by Stephen Tall on October 3, 2014
Conservative MP and former Attorney-General
Reason: for sticking to his principles and standing up for international law and human rights
Imagine, just for a moment, that Russia’s President Putin were to make the following announcement… He, Putin, and his ministers no longer considered themselves bound by international law or their treaty obligations; state-appointed judges would no longer be able to re-interpret laws so they comply with human rights; the conduct of Russian troops abroad would no longer be subject to human rights challenges; and that human rights would no longer apply in what Russia judged to be ‘trivial’ cases.
That, today, is what Chris Grayling, the Tory justice secretary, has announced will be his party’s policy on human rights at the next election. Of course, the UK is not Russia. We know that. The comparison is absurd. To us. But it leaves in tattered shreds our credibility to champion the cause of international human rights abroad when our own ministers give it such short shrift here at home.
And human rights matter here too. As The Guardian notes in a balanced editorial today:
The Human Rights Act is certainly not perfect. It has done an imperfect job of checking the growth of creeping authoritarianism, first under the New Labour government that brought in the act, and now under the often rather more cautious Conservative-Liberal Democrat coalition. But the arbitrary use of stop and search powers highlighted this week at the Conservative conference took place in Human Rights Act Britain; the court-authorised police access to journalists’ phone records revealed this week in the Chris Huhne case took place here too; and the secret evidence and closed procedures which were at the heart of the collapse of the Moazzam Begg prosecution on Wednesday, have flourished in Human Rights Act Britain as well.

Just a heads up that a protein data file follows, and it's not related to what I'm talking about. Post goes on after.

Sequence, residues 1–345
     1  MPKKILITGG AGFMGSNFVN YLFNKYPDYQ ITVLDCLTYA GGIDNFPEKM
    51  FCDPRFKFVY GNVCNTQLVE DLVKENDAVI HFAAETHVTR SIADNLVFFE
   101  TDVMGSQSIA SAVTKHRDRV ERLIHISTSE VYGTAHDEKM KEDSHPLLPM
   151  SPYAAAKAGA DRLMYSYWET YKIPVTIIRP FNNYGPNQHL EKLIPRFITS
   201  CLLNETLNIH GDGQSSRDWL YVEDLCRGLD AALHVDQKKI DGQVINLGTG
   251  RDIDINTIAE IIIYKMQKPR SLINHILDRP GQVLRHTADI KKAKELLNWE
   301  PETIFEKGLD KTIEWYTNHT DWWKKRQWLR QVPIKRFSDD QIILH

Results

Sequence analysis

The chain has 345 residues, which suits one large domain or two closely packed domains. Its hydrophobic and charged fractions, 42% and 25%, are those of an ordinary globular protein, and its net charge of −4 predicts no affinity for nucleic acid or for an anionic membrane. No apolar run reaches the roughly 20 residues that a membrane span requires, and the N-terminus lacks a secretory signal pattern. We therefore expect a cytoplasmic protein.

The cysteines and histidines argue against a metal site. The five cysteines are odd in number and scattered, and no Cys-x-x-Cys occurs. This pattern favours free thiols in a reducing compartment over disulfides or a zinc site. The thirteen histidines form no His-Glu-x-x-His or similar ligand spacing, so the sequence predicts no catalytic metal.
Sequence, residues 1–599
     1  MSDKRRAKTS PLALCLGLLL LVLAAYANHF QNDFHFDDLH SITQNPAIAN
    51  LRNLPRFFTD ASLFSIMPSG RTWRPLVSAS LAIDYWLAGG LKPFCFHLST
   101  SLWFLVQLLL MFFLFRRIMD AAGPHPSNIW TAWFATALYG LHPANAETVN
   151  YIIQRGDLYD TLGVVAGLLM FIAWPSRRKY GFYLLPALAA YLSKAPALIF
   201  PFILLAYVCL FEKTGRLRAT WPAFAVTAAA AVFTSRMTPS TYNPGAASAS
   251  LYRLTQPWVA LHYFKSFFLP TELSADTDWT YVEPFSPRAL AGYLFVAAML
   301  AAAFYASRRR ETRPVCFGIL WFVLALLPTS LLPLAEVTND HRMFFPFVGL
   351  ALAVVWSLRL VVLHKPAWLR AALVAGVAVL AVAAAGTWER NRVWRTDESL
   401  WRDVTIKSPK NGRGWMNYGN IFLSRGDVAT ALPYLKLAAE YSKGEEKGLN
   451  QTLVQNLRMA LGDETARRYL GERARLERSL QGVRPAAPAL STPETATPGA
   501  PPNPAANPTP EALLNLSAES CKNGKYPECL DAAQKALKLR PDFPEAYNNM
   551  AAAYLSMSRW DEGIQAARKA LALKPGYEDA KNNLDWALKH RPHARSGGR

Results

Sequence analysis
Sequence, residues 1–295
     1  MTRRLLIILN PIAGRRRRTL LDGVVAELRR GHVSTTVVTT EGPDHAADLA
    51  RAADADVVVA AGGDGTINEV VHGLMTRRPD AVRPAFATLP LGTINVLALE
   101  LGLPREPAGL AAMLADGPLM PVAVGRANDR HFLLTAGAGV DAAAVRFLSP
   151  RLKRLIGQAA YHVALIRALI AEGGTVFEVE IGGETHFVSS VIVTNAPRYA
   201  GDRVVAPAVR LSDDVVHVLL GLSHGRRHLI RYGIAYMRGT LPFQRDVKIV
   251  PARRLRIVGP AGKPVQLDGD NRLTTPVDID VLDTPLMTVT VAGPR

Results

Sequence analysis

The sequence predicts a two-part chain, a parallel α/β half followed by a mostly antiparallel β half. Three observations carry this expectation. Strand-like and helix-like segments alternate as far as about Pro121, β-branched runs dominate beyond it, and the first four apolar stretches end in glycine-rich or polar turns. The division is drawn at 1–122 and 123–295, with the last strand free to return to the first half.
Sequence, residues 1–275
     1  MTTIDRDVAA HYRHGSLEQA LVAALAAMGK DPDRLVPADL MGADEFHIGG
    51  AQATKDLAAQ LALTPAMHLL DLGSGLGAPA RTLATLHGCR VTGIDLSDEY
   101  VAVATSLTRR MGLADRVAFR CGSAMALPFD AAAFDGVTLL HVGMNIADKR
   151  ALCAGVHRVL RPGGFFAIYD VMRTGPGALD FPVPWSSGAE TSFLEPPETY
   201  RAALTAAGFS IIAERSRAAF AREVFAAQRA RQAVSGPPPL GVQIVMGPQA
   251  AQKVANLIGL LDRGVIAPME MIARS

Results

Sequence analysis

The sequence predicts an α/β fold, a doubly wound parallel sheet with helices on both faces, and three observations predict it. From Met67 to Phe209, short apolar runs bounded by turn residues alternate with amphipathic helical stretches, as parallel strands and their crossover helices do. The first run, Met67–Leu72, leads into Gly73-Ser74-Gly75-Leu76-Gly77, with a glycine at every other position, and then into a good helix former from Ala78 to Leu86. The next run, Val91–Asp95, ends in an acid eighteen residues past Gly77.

You might expect the lefty Guardian to fret about such issues. You might not expect the strait-laced Conservative MP for Beaconsfield, Dominic “I’m conservative to my fingertips” Grieve QC, Attorney-General from 2010-14, to share their concerns. But he does, and some:
“The principles of conservatism include upholding the rule of law and the United Kingdom’s international legal obligations. If the party of which I’m a member makes an announcement which has the potential to breach the law and those obligations then I will argue against it … It would be very unsatisfactory.”
And on this morning’s BBC Radio 4 Today programme he tore into the Tory party’s proposals, highlighting “a number of howlers”, and praising the European Court of Human Rights’ international influence:
“It is right to say that on a daily basis the court is producing decisions of great importance in improving human rights in Europe, which are inevitably ignored here because they tend to concern countries in Eastern Europe.”
In reality, as barrister Carl Gardner blogs in accessible depth here, Grayling’s proposals are more modest than his rhetoric: “I wouldn’t say the plan signifies nothing; but it’s not as significant at it sounds.”
But for sticking to his principles, even though it ended up costing him his government job – and for making the case for human rights and international law from a Conservative perspective – Dominic Grieve is without doubt a Liberal Hero this week.
* The ‘Liberal Heroes of the Week’ (and occasional ‘Liberal Villains’) series showcases those who promote any of the four liberal tenets identified in The Orange Book — economic, personal, political and social liberalism — regardless of party affiliation and from beyond Westminster. If they stick up for liberalism in some way then they’re in contention. If they confound liberalism they may be named Villains. You can view our complete list of heroes and villains here. Nominations are welcome via email or Twitter.